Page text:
"A fantastic resource and a great service to the discipline and teaching of philosophy. I am both personally and professionally grateful to the editors and the authors for their work. The essays from this rich, inviting, pedagogically-motivated introduction to philosophy will certainly be making their way onto my syllabi and I imagine those of many other philosophy teachers for years to come." -- Rebecca G. Scott, Harper College, Teaching Philosophy

Table of Contents

    Introduction, Melissa M. Shew and Kimberly K. Garchar
    Prologue: Persephone: The Invitation, Melissa M. Shew
    Section I: Self
    Chapter 1: Identity: Being-in-the-World and Becoming, Meena Dhanda
    Chapter 2: Autonomy: Being True to Ourselves, Serene Khader
    Chapter 3: Pride: The Complexities of Virtue and Vice, Claudia Mills
    Chapter 4: Questions: The Heart of Philosophy, Melissa M. Shew
    Chapter 5: Self-Knowledge: The Importance of Reflection, Karen Stohr
    Section II: Knowing
    Chapter 6: Logic: A Feminist Approach, Gillian Russell
    Chapter 7: Doubt: Knowing and Skepticism, Julianne Chung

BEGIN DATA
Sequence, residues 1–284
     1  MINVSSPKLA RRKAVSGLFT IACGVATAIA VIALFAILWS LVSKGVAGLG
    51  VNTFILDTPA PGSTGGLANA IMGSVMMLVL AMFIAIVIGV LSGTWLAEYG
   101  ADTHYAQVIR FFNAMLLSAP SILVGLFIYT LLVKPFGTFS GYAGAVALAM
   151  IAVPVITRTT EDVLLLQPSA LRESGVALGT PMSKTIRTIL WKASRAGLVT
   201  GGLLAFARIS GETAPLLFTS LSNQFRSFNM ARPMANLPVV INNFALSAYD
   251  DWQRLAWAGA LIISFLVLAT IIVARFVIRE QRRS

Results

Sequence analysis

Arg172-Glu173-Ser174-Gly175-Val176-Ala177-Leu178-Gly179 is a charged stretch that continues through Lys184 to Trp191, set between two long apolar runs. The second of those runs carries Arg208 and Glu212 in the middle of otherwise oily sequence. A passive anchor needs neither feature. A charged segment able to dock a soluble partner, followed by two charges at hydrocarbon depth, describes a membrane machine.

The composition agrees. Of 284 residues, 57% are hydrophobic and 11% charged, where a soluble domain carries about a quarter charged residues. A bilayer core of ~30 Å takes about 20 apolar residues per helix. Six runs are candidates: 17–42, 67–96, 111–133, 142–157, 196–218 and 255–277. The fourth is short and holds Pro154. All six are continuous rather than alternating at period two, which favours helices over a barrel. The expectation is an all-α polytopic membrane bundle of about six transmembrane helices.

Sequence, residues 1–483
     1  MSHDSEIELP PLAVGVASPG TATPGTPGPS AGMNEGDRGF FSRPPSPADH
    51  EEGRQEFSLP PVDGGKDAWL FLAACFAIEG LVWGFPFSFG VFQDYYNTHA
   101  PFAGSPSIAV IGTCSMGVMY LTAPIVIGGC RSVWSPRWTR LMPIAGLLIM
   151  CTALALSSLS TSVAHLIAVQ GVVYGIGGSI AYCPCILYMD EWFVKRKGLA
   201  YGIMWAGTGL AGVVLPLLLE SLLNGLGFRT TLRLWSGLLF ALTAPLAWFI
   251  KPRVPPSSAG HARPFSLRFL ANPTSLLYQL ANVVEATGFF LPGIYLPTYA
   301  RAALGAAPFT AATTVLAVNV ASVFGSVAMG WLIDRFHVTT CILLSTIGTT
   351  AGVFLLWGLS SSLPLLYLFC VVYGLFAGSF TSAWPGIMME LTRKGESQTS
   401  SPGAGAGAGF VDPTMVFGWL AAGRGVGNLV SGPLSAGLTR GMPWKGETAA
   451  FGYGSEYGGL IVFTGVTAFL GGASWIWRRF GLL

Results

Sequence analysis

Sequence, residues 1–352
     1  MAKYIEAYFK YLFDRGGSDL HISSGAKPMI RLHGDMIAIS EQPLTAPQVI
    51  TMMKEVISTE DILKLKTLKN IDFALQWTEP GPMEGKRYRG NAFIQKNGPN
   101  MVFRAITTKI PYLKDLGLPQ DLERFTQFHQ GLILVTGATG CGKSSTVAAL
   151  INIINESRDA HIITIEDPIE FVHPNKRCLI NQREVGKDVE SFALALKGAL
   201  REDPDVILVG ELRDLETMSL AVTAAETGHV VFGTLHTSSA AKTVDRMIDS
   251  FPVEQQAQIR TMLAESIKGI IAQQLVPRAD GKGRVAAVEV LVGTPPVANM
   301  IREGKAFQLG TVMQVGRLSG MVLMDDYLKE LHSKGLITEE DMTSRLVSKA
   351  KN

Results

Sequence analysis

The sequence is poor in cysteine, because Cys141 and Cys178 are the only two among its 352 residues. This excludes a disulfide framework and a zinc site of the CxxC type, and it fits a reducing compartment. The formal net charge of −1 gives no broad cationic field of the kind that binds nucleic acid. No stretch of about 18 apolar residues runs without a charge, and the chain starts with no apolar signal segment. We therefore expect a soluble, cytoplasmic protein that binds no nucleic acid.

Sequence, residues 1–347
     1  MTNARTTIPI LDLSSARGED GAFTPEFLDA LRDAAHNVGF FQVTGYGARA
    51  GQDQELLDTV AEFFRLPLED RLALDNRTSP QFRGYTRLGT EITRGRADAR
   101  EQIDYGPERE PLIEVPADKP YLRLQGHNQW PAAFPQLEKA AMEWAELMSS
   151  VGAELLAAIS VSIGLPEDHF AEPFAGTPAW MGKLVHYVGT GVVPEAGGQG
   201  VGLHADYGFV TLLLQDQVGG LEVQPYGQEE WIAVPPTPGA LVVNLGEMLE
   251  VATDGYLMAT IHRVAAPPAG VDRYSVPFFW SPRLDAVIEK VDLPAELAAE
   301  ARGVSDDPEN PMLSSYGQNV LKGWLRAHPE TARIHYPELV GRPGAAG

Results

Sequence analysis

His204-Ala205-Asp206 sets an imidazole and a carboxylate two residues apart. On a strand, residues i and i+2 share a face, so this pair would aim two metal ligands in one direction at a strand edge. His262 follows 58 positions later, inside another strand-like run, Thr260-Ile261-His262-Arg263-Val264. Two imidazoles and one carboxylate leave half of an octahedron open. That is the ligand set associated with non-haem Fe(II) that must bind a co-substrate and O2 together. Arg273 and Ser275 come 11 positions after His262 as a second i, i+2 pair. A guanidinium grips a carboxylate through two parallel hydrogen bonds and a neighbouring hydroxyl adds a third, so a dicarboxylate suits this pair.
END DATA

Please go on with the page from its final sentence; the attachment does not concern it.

Chapter 8: Science: Unmasking Objectivity, Subrena Smith
    Chapter 9: Technology: Experience and Mediated Realities, Robin Zebrowski
    Chapter 10: Art: Seeing, Thinking, Making, Patricia Locke
    Section III: Social Structure and Power Relations
    Chapter 11: Credibility: Resisting Doubts, Reimagining Knowledge, Monica Poole
    Chapter 12: Language: Power Plays in Communication, Elisabeth Camp
    Chapter 13: Race: The Ontological Crisis of the "Human", Shannon Winnubst
    Chapter 14: Gender: To the Binary and Beyond, Charlotte Witt
    Chapter 15: Recognition: Living a Queer-Alien-Mixed Consciousness, Shanti Chu
    Section IV: Contemplation in Action
    Chapter 16: Anger: Embracing the Medusa Trope as an Act of Resistance, Myisha Cherry
    Chapter 17: Consciousness-Raising: Social Groups and Change, TabathaÂLeggett
    Chapter 18: Tzedek: Doing What Must Be Done, Devora Shapiro
    Chapter 19: Empathy: Entangled Human and Nonhuman Relationships, Lori Gruen
    Chapter 20: Courage: Meliorism in Motion, Kimberly K. Garchar